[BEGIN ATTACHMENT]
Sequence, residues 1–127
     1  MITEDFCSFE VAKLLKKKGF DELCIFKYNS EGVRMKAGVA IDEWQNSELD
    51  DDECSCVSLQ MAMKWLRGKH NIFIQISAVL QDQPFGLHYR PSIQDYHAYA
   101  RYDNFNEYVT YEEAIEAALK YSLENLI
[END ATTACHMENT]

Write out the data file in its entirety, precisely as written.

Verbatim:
Sequence, residues 1–127
     1  MITEDFCSFE VAKLLKKKGF DELCIFKYNS EGVRMKAGVA IDEWQNSELD
    51  DDECSCVSLQ MAMKWLRGKH NIFIQISAVL QDQPFGLHYR PSIQDYHAYA
   101  RYDNFNEYVT YEEAIEAALK YSLENLI